International Justice

CJ354 Endicott College

Forced Extraditions of Ivorians in Liberia

The BBC recently reported that the UN refugee agency had expressed concerns over the “forced extradition” of 14 Ivorian refugees who were suspected of being mercenaries and perpetrators of post-election violence in 2011. Over 52,000 Ivorians fled to Liberia after violence engulfed the country. The Liberian government claimed no knowledge of the forced extradition and promised to begin an immediate investigation.

This particular incident highlights some of the difficulties with holding potential perpetrators accountable for their actions, especially when these perpetrators are living in refugee communities. The extradition of these refugees to the Ivory Coast is in clear violation of the principle of non-refoulement. This principle is meant to guarantee the protection of asylum seekers and refugees, preventing forced return to the area from which they fled.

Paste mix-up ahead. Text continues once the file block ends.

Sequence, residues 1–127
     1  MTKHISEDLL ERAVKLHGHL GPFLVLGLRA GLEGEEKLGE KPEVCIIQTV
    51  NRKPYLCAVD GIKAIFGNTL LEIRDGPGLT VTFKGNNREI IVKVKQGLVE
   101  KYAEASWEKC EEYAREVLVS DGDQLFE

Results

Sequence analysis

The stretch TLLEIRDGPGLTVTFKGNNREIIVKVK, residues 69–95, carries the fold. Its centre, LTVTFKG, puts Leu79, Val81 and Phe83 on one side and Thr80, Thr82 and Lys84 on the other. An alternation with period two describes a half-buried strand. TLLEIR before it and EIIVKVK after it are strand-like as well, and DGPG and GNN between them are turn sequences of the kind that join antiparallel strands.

However, former combatants often become part of refugee communities out of a legitimate fear that they might be harmed if they returned. In the case of the Ivorian refugees, their forced extradition could have put them in harms way, placing them in the custody of those that may wish them harm.

Considering large Rwandan refugee population in the DRC, many of whom fled after the RPF forces took control after the genocide, this is not a unique scenario. Here we may see cases where local and national courts do not have the capacity to prosecute perpetrators. It would be interesting to see what kind of considerations the international community has in place for such situations.

 

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